When it comes to printing on fabric, it can be difficult to distinguish what the best method of printing is for your garment, what the difference is between different kinds of prints, etc. So let's break it down.
Digital printing can be used for both wovens and knits. Digital printing is the process of printing intricate designs onto a garment or fabric. However, it's much easier to print at the fabric level vs the garment level. After a client provides the design files, it gets printed onto the fabric or garment as specified. In the ideal case, fabric is printed in bulk rolls by a large digital printer. In specialized cases, the fabric is printed after being cut. This is done when there is a pattern or design that extends beyond the seams of the garment.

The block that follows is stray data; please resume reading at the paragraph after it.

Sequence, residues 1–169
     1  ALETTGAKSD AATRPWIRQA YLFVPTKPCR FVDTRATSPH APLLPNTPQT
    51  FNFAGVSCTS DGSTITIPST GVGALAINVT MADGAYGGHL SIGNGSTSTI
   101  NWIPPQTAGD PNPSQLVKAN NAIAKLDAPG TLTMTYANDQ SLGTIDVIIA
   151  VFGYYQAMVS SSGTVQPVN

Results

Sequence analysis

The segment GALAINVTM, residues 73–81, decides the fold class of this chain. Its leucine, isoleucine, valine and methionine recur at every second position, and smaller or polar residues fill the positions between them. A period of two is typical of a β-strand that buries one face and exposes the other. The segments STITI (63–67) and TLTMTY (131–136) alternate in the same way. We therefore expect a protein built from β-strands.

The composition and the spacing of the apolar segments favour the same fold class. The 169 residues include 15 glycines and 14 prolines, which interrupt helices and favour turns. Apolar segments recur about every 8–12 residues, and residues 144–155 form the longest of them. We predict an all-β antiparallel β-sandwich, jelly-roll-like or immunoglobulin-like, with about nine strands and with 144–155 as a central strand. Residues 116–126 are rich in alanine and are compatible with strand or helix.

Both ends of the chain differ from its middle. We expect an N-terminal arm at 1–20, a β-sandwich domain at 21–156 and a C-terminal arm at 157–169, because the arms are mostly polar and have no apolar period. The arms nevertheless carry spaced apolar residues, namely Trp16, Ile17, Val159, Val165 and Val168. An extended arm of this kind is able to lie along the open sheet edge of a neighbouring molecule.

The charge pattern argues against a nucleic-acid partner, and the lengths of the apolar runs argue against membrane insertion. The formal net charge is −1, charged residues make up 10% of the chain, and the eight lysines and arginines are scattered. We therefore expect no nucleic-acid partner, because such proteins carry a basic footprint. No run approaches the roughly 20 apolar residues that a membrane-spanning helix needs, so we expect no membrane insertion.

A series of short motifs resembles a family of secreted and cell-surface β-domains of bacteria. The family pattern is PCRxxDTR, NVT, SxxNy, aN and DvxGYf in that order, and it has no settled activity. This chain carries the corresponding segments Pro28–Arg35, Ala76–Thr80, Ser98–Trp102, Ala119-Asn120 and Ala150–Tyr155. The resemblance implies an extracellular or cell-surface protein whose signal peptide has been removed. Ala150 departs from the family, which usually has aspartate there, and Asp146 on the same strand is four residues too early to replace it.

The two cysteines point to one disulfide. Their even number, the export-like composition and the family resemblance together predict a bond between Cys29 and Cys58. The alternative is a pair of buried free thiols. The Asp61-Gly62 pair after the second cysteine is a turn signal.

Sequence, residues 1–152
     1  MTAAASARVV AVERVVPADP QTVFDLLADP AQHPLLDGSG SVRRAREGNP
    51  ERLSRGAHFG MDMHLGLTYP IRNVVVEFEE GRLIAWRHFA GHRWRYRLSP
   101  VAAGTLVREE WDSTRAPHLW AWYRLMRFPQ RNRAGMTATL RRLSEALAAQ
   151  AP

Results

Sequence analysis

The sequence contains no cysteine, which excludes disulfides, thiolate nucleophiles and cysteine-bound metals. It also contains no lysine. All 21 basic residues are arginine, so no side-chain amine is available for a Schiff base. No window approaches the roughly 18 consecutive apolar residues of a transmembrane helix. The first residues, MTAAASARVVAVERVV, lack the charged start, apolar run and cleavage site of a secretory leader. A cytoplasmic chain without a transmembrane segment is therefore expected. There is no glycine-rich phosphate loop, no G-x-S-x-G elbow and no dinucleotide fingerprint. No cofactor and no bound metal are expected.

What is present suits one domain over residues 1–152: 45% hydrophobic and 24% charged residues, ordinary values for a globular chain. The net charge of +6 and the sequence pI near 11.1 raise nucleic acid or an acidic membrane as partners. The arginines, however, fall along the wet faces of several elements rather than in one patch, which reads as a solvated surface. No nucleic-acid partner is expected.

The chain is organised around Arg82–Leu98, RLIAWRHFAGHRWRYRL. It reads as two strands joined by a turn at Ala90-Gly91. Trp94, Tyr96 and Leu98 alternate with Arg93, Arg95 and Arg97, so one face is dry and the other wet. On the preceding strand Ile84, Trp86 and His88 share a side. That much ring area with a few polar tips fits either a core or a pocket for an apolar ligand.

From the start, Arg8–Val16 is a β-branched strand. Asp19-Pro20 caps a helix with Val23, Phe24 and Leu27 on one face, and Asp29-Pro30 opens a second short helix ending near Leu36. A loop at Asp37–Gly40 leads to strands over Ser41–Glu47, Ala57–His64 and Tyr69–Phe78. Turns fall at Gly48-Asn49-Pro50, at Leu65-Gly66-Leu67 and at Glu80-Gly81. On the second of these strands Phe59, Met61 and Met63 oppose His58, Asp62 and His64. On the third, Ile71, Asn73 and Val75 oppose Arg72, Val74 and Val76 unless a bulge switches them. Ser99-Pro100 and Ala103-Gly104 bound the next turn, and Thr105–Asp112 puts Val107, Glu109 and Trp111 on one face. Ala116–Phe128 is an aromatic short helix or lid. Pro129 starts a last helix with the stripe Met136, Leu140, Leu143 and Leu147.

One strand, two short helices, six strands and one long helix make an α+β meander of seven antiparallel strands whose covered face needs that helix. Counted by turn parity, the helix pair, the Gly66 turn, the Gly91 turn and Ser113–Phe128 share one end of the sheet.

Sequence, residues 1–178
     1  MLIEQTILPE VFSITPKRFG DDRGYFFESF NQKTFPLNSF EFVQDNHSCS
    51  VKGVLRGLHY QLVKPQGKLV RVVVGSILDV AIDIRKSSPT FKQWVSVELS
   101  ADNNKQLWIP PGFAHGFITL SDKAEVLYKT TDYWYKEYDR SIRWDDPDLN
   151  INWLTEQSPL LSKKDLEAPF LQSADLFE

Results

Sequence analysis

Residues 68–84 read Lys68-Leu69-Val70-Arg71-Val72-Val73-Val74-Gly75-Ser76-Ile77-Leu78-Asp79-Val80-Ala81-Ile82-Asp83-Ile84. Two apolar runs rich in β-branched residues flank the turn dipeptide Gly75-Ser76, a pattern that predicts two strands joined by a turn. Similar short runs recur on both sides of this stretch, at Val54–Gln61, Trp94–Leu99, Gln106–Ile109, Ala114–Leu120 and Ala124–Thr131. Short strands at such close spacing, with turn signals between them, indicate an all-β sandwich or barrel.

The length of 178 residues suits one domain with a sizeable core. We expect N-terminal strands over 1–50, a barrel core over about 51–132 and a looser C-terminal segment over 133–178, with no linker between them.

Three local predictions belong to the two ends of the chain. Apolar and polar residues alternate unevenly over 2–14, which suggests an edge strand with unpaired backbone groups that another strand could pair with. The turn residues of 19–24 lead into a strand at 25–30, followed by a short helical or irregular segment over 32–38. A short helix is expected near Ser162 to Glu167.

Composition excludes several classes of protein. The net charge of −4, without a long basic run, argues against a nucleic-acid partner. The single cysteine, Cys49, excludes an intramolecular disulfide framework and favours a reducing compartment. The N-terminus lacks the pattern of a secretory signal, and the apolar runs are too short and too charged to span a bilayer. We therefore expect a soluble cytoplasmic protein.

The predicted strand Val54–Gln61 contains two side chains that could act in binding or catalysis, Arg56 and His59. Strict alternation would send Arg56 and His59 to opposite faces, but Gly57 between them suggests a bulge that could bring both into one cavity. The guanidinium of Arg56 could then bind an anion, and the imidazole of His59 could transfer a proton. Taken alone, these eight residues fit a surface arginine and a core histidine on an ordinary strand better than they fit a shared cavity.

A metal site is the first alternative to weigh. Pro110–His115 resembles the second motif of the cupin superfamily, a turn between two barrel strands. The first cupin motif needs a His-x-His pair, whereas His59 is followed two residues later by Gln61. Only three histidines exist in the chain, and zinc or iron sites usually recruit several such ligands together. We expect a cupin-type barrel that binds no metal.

There is a high failure and waste rate when digital printing is done at the garment level as you have to match the pattern across fabric seams. Digital printing is a good solution for lower volume production, however it doesn't scale up efficiently so it can be impractical for high volume orders.
Gel printing can be done on both wovens and knits. Gel printing is the process of designs being printed via a gel ink that creates a high profile print that feels like rubber or silicone. After a design file has been provided, the gel printer lays a layer of gel on the garment. Once dry, the gel adheres to the fabric. Long term, however, the gel can come off of the fabric. Gel printing is particularly great for streetwear and athletic wear.
The one caveat of gel printing is that it does not work well on coated fabrics, including waterproof or resistant coatings.